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This is a piece I did a few years back.

Tirza Hollenhorst

Tirza Hollenhorst has led innovative projects in communities, businesses and non-profit organizations worldwide. Her insight and research has contributed to the success and sustainability of mission driven initiatives at the local and international level. Her work is rooted in an interdisciplinary approach and an coherent scientific, philosophical, and spiritual framework. As ifPeople’s President, she is building a professional services firm dedicated to the success of values-driven enterprises.

Living systems seek the conditions that support life. In your body toxins are sequestered or removed, wastes are eliminated and wounds are healed. If you listen carefully your body seeks out the activities, foods, and positions that support peace, and movement in the body. In ecosystems the same things happen, toxic metals are buried in the earth, wastes are cycled, and uprooted earth soon become covered with plants. Life is intelligent. Whether you call it god, consciousness, or nature, this intelligence guides living systems toward sustainability.

Daily we find ourselves knowingly and unknowingly, willingly and unwillingly making decisions that in small ways destroy our planet and our bodies – pesticides in the backyard, petroleum fueled commutes, carcinogens in our shampoo. While society makes these choices seem easy and necessary, we know that they are wrong. Continuously making choices that do not support life drains us of energy. Exhausted, many of us look at a more sustainable life as requiring even more energy. Composting, washing bags, buying in bulk – sounds like effort. But living in alignment with the intelligence of life does not require more work and it does not require a minimalist lifestyle. Here’s why.

If you take a G-tuning fork and hold it to a well tuned guitar, the G-string will begin to vibrate. This is called resonance. A sound wave of large amplitude is produced by a relatively small vibration (the tuning fork) the same frequency of vibration as the natural frequency of the resonating system (the guitar). When your actions are coherent with your values, the same resonance occurs. Shifting your daily choices requires effort to change the inertia of habit, but then resonance takes over. Composting, washing bags, buying in bulk are small actions that require only a moment of attention. Then, garbage day you realize that your can is practically empty, while your neighbor struggles to close the lid. The energy that comes will propel you forward and you will want to bring even more of your life into alignment.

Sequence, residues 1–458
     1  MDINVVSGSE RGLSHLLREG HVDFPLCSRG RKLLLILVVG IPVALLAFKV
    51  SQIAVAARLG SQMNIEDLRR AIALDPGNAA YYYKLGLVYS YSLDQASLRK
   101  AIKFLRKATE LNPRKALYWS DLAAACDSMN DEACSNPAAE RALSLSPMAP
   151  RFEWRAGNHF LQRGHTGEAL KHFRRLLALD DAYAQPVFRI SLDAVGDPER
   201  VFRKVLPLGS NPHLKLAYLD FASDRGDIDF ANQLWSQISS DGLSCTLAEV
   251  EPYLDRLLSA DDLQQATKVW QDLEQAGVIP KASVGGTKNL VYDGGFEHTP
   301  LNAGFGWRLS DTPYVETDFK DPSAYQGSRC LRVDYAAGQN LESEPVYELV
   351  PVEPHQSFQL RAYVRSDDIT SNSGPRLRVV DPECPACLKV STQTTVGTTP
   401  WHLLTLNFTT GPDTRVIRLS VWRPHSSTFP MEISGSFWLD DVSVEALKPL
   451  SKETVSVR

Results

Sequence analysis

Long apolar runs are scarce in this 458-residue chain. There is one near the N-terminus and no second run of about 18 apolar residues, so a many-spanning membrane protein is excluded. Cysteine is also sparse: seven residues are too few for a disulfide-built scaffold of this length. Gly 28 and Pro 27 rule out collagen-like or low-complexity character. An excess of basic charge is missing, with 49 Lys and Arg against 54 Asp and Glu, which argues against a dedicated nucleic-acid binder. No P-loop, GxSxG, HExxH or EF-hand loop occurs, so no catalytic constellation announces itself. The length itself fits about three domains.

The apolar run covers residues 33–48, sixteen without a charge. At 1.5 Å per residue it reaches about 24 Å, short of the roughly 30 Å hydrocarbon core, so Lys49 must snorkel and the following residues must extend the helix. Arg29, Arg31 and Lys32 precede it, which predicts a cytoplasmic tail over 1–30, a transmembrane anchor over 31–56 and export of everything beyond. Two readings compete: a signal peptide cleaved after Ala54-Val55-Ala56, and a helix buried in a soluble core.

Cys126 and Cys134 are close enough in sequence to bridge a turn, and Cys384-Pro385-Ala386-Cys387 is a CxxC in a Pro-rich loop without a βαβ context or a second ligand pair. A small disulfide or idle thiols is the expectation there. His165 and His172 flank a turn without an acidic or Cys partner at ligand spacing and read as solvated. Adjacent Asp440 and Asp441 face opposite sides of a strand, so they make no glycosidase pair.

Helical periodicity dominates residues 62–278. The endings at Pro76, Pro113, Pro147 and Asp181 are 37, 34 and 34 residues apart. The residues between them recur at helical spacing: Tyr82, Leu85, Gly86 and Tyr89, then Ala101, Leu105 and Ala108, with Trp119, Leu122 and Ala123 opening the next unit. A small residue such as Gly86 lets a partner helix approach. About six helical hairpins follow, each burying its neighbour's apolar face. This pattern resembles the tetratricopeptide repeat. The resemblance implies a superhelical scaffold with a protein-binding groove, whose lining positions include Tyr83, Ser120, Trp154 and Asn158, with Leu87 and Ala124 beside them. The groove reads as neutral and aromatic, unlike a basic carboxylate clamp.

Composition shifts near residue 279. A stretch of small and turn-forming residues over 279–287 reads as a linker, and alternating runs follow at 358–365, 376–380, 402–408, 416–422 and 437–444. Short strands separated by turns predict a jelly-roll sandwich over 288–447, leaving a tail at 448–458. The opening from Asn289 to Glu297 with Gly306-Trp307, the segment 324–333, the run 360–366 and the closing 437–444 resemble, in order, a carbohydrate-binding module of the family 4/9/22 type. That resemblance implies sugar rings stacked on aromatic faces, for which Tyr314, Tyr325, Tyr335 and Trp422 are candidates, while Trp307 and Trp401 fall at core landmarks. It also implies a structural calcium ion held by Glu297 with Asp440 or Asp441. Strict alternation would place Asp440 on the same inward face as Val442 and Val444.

Making choices that support life, does require that you raise your consciousness enough to see the impact of your decisions. At first this will require the painful breaking of habits and lessons learned from a media society. There are a few changes to begin living more sustainabley that are easy and provide the most momentum going forward.

Composting -Composting is the best was to increase your awareness of one of the most fundamental truths of living systems, “waste = food”. In all living systems what is waste from one process is nutrients for another. Recently, humans have broken the cycle by creating durable materials which cannot or are not reused and by removing biological nutrients from living systems and disposing of them in landfills. Composting is a simple way to bring your kitchen scraps and garden clippings back into the natural cycle. For apartments and those with small yards, I recommend buying a compost bin.. Bins can accelerate the process and keep waste free of pests. In large yards you can build your own bin. See www.greenhome.com and http://www.recyclenow.com/home_composting/ for bins and information. Even apartment dwellers can use there compose for herb beds and house plants. Witnessing the transformation of carrot peelings into dirt, helps everyone in the family understand how natural cycles work. An understanding of systems may even motivate everyone to get involved in recycling TV’s and aluminum cans so they become “food” for other industrial cycles.